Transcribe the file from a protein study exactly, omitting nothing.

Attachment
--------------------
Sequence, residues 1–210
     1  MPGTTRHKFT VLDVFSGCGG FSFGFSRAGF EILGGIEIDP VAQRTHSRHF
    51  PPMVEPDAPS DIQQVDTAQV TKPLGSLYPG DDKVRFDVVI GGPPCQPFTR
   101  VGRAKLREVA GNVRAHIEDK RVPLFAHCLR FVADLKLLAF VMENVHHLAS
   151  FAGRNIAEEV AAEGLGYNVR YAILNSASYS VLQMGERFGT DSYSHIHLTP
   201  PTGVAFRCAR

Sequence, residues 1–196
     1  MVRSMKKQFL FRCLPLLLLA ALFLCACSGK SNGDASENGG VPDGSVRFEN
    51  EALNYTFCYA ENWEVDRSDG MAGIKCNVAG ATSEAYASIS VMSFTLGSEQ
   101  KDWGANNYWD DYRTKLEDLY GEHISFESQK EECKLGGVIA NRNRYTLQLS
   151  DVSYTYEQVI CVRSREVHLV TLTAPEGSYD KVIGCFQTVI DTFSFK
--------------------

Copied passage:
Sequence, residues 1–210
     1  MPGTTRHKFT VLDVFSGCGG FSFGFSRAGF EILGGIEIDP VAQRTHSRHF
    51  PPMVEPDAPS DIQQVDTAQV TKPLGSLYPG DDKVRFDVVI GGPPCQPFTR
   101  VGRAKLREVA GNVRAHIEDK RVPLFAHCLR FVADLKLLAF VMENVHHLAS
   151  FAGRNIAEEV AAEGLGYNVR YAILNSASYS VLQMGERFGT DSYSHIHLTP
   201  PTGVAFRCAR

Sequence, residues 1–196
     1  MVRSMKKQFL FRCLPLLLLA ALFLCACSGK SNGDASENGG VPDGSVRFEN
    51  EALNYTFCYA ENWEVDRSDG MAGIKCNVAG ATSEAYASIS VMSFTLGSEQ
   101  KDWGANNYWD DYRTKLEDLY GEHISFESQK EECKLGGVIA NRNRYTLQLS
   151  DVSYTYEQVI CVRSREVHLV TLTAPEGSYD KVIGCFQTVI DTFSFK